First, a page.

Some advocates remain hopeful. The spending deal has several health care provisions set to expire next May. That deadline may provide an opportunity for lawmakers to try again, and some time to build consensus between the authors of the recent deal and more skeptical lawmakers.

Greg Walden of Oregon, a Republican and the ranking member of the House Energy and Commerce Committee, said he was “disappointed” that the bill did not advance. “But I’m not dejected, and I’m not throwing in the towel,” he said. “It was the first locomotive to leave the station, but it will not be the last.”

But that optimism is not universal among the people who worked on the abandoned legislation.

Compared with Medicare for all, surprise billing would seem to have certain political advantages. For one, it targets only certain sectors of the health care industry. Medical specialty groups, private equity firms and hospitals disliked the bill, but insurance companies and large employer groups fought for its passage. They, too, spent millions on ads and lobbying.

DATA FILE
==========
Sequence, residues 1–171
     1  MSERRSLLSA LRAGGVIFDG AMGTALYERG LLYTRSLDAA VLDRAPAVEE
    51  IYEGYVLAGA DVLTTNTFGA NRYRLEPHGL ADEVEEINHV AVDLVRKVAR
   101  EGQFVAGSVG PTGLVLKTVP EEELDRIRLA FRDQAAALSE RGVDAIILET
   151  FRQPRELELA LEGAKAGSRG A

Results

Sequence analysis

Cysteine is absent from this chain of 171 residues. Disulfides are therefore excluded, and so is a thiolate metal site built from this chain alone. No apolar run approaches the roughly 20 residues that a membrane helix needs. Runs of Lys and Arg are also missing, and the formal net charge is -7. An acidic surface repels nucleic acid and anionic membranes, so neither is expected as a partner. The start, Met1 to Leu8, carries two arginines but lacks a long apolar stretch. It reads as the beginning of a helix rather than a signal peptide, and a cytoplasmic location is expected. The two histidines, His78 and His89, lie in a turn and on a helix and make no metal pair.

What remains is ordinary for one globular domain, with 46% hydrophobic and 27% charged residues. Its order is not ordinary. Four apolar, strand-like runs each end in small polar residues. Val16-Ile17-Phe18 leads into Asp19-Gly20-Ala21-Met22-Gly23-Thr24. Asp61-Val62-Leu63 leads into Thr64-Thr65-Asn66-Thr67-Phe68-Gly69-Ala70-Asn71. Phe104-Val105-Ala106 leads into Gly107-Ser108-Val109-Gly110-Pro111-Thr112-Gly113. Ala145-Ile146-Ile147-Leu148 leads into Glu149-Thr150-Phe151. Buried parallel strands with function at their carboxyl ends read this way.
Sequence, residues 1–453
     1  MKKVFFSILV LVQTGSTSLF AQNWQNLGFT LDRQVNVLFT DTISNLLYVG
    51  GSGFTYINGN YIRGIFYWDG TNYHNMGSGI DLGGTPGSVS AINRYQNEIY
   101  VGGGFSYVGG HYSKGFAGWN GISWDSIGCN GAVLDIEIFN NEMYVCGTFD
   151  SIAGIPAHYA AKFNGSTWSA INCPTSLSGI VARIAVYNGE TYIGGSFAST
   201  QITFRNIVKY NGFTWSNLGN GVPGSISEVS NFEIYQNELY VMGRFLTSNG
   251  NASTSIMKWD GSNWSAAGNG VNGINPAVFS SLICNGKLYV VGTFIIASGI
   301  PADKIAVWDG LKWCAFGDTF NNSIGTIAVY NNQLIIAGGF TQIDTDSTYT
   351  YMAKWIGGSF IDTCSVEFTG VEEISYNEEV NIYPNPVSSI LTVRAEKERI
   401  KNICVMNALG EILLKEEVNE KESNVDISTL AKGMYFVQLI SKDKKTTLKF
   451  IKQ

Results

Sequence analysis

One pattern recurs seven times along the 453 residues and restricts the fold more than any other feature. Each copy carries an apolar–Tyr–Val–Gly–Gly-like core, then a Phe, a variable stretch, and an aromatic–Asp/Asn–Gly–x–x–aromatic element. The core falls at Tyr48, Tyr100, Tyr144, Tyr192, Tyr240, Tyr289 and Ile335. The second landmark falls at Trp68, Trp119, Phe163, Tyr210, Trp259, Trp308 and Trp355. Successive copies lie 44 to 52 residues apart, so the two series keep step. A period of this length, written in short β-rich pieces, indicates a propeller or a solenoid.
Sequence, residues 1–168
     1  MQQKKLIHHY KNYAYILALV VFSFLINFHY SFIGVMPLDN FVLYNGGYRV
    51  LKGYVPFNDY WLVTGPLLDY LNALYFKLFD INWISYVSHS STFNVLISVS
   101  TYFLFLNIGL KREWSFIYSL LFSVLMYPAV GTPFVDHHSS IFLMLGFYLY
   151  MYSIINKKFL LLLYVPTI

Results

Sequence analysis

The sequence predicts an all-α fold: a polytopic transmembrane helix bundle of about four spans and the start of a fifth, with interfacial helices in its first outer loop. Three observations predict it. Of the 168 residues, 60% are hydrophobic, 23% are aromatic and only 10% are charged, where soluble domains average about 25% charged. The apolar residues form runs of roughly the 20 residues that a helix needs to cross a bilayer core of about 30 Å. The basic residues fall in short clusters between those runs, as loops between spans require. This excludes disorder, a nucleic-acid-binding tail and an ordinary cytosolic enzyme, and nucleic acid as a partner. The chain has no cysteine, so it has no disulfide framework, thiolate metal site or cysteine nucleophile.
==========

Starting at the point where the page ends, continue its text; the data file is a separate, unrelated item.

The insurance industry would not treat a large expansion of public insurance coverage so kindly. And the pharmaceutical industry, another deep-pocketed health lobby that would fight the health plans from the main Democratic presidential contenders, had nothing to say about surprise bills. Even among doctors, there were many specialties that were unaffected; they also stayed quiet.

The surprise billing legislation had another crucial political ally that the proposed Democratic overhaul efforts won’t: Republicans.